In the 1980s through the early 2000s, the warehouse was home to the William Cozart furniture manufacturing company. According to an article in the Indy Weekly, Cozart Furniture “at the height of its production, employed up to 35 workers. In the early ’90s, the recession reduced the workforce by half.”
Like a number of other North Carolina furniture makers, Cozart was eventually forced in 2002 to shut down operations.
William-Cozart Inc., an antiques shop located at 320 S. Harrington Street, remains in business to this day, however. Founded in 1978, the shop specializes in Asian antiques and art.
That about wraps up our history lesson for today, although if you’ve read this far, you’re probably wondering, well, what does the future hold for what will soon be an empty lot on a dead-end street?
On February 4, 2015, the property was purchased for $900,000 by an LLC linked to HQ Raleigh, a well-regarded business incubator that hosts more than 100 startups in downtown Raleigh.
On February 9, HQ Raleigh announced its plans to expand their existing facilities at 310 S. Harrington Street, which sits adjacent to the warehouse. Folks, this is what we in the business call “burying the lede.”
I don’t feel like rewriting their press release, so here’s how HQ Raleigh described the expansion:
Less than a year after moving into the Warehouse District, HQ Raleigh co-founders Brooks Bell, Jesse Lipson, Christopher Gergen, and Jason Widen have announced plans to continue expansion in 2016.
Our founding team recently purchased the William Cozart furniture production facility at 319 West Street, located directly behind our existing space. This building, currently measuring 10,000 square feet, will be redeveloped into 30,000 to 50,000 square feet of entrepreneurial work, design, and meeting space, including offices for larger startup teams. The space is estimated to be open in Spring 2016.
In addition to getting to work out of these brand-new offices alongside hundreds of other like-minded entrepreneurs, the new tenants will also find themselves conveniently close to a number of great downtown amenities like The Pit, Boxcar Arcade, Jose and Sons Bar and Kitchen, Crank Arm Brewing Company and, eventually, Union Station.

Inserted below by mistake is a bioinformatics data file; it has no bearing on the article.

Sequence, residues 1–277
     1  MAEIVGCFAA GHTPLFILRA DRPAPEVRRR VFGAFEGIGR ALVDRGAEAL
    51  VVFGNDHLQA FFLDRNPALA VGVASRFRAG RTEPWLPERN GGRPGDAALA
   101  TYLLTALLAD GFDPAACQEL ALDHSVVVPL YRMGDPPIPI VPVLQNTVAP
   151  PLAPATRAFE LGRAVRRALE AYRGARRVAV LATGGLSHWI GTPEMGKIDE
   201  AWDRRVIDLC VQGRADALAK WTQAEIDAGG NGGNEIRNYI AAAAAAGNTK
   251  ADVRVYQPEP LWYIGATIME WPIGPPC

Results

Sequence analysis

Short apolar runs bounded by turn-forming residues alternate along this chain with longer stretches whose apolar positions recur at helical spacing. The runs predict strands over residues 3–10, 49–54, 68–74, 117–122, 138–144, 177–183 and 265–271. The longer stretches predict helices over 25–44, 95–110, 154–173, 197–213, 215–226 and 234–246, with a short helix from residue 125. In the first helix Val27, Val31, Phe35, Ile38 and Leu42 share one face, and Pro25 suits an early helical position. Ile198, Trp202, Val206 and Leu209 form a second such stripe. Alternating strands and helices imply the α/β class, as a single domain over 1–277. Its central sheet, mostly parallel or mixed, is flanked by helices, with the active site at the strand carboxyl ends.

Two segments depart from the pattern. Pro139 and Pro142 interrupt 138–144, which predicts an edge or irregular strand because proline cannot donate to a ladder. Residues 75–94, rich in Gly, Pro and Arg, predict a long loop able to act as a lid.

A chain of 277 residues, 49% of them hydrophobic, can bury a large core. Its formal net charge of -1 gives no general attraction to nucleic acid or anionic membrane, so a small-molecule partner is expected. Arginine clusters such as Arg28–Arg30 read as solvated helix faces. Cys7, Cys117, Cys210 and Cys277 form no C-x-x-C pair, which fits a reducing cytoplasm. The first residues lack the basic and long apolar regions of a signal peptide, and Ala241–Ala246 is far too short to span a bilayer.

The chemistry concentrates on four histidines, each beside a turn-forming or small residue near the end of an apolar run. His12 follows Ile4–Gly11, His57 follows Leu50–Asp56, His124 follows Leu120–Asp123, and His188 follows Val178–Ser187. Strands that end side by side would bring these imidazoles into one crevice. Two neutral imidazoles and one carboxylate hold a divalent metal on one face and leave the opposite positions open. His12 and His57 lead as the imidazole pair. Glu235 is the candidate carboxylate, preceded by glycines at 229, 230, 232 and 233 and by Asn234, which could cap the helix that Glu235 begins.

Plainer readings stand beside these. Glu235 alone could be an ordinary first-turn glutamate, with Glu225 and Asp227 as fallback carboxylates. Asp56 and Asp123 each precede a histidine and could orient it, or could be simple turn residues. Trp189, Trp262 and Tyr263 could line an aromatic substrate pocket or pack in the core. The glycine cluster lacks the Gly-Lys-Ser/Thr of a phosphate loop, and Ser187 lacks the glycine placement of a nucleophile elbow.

Monday, October 19, 2015
Three months after City Council approved a construction contract for the Lake Johnson Woodland Center, and a staggering 22 years since the project was first conceived, $2.53 million in permits were issued to TCC Construction for the new facility on October 12.
In 1993, a “Park Interpretive and Community Center with a strong component for education” was recommended as part of the overall 1993 Lake Johnson Master Plan.
Lake Johnson is located in West Raleigh, north of Avent Ferry Road and west of Athens Drive. The new facility will be located at 5611 Jaguar Drive.
In 2007, voters approved a parks bond that included $2.7 million in funding for the project. Three years later, Szostak Design of Chapel Hill and HaidenStanziale of Durham (following a merger, the company was renamed to Stewart Inc. in 2012) were brought on board to begin planning and design work on the facility.
A public input process for the center was held between October 2012 and February 2013; City Council officially approved the plans in April 2013.
Construction of the facility was bid out in June 2014, but all the bids came in over budget and were rejected by City Council. It rebid again in April of this year, and in July a contract in the amount of $2,388,200 was approved by Council with TCC Construction.
The original capital improvement budget for the project was $2.6 million, although the contract with TCC required a $600,000 transfer from the budget for the Dix soccer improvements budget.
According to city documents, “The proposed Lake Johnson Center will house multipurpose space for education and community functions, interpretive display on nature and health, administration area as well as support spaces such as restrooms and storage. As proposed in the 1993 Master Plan, the center may include specific elements in support of this area of the city and provide a distinctive connection to the outdoor natural environment.”
And according to Google, “An interpretation centre, interpretive centre, or visitor interpretive centre is an institution for dissemination of knowledge of natural or cultural heritage.”
Work on the 11,430 square foot facility is expected to be complete by spring 2016.